Remedy’s Control has always been a Digital Foundry special game. Originally released in 2019, the PC version in particular blew us away with its smooth destruction physics and groundbreaking ray tracing implementation. The studio has since moved on to new projects like Alan Wake 2, but notably one of the developers – Filippo Tarpini – has continued to improve the PC version of the game, adding an excellent implementation of HDR much missed in the original (and the Ultimate upgrade version) along with A host of other improvements, including improved resolution for the already excellent RT, improved texture streaming and a more premium DLSS application.
The HDR upscaling is the most game-changing of the improvements, added because Tarpini is such a big fan of the feature. Always in control of a contrast-heavy video design, HDR delivers greater local brightness and contrast, rich tones without banding errors—and even added detail resolved due to greater dynamic range, along with fewer bloom effects. I wouldn’t waste too many words describing this improvement, because we’ve put together a video captured and mastered in HDR to show the improvement. If you’re watching on a regular, non-HDR monitor, you’ll get a pixelated presentation on it — but what surprised me was that the difference could still be seen to some extent.
In addition to just showing you comparisons of the differences offered by native HDR, I want to comment personally on how the game’s visuals have improved. Considering the number of eye-catching scenes with great color and dark contrast, it’s nice to have HDR that preserves that local contrast in the scene, so it doesn’t look as monochromatic as it once did. I vastly prefer the HDR look to the “gray, elevated” aesthetic you might be used to, but for those who prefer the original look, Tarpini has included this option in the remastered version of the game. And so you get the brightness of HDR, but with a more monochrome look than the original version. There are other tweaks as well, including the ability to tweak the brightness of UI elements – which might be worked out with superhuman intensity.
In addition to HDR support, other improvements have been added to the mod as well. Native control ray tracing typically uses one sample per pixel for most effects. With the mode set to Ultra RT, this is increased to multiple rays per pixel. As for rough reflections, this means that they maintain their true brightness level and shape much better, they look fuller, and the amount of noise is greatly reduced when using something like DLSS. All ray tracing effects should now look more flat at ultrahigh above the old peak, but are usually more noticeable in the brighter reflections captured at grazing angles.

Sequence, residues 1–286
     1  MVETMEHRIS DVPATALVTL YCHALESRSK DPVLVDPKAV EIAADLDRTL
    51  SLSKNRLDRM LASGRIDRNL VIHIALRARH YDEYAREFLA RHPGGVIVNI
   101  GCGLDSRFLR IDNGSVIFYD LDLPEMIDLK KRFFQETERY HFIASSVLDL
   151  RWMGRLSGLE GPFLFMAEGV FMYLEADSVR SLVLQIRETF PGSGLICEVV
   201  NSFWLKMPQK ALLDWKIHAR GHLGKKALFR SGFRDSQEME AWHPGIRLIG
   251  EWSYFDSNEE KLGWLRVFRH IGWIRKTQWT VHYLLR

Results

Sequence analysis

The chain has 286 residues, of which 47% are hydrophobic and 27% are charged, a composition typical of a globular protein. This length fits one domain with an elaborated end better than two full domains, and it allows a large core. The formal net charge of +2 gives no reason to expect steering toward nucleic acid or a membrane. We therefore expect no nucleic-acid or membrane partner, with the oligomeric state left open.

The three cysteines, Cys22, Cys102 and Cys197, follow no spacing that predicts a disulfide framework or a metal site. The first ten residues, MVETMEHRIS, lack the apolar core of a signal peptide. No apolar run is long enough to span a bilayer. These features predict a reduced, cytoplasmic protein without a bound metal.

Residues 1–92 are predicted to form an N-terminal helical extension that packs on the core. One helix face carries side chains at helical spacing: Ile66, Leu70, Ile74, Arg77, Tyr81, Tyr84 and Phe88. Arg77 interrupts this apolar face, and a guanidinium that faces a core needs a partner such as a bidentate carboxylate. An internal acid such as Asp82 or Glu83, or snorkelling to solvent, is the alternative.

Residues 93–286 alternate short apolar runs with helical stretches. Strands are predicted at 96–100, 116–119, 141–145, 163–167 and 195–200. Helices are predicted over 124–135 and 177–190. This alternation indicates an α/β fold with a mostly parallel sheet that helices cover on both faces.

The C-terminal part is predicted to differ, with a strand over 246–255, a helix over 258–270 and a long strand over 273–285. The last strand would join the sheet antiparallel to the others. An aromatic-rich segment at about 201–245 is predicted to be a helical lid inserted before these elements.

This super setting also increases the resolution of volumetric effects, which looked good before but look better now with reduced anti-aliasing, but this setting is particularly helpful with glass shading which also seems to be related to volumetric lighting – thus improving their quality to very powerful GPU hardware that we enjoy accessible these days.
Another feature of the new patch is how texture loading is performed via a higher texture streaming quality setting. Even in an older game, just running through the world could cause textures to load late, which results in visibly flopping quality. With the new Texture Stream’s Maximum Quality option, this behavior seems to be almost completely eliminated. Again, just another smaller tweak to make the game scale much higher for today’s GPUs.
Additional tweaks target improved image quality, first and foremost with improved texture quality with DLSS enabled. With mods, the texture mipm map scales correctly with the output resolution, whereas before that only the texture streamer itself was biased. This means that in some scenarios, textures at a distance are of much higher quality. On top of that, DLAA support is implemented, which can best be described as working at the native DLSS resolution – rather than the internal sub-resolution -. This is great because it produces better quality than the current TAA solution in many areas, besides reducing ghosting. There are a few other nicks and nicks too, like how film grain now renders correctly with DLSS turned on – whereas before it was basically gone.
In general, we’re looking at iterative improvements to make the visual experience more polished with fewer visual artifacts – but Tarpini is still working on improvements. For example, an issue we saw with RT Ultra reflections was quickly rectified. Either way, these impressive iterative quality improvements come at a cost. As for the new ultra ray tracing setup, there are huge performance hits from using it, even on a big GPU. We’re looking at a 30 to 40 percent drop in performance. Interestingly, DLAA has minimal impact on performance – it costs about the same as a standard TAA, while sounding a lot better.
In the end, this mod is worth a look, even if it’s not technically complete. What is clear to me is that with the features it has and the care and attention that has been given to its creation, it is effectively a casual vamp – the quality is definitely there. It enhances control in several meaningful ways as it future-proofs the more powerful PCs of tomorrow, while offering a decent set of improvements to today’s hardware. Fancy giving it a look? Get the edit here.
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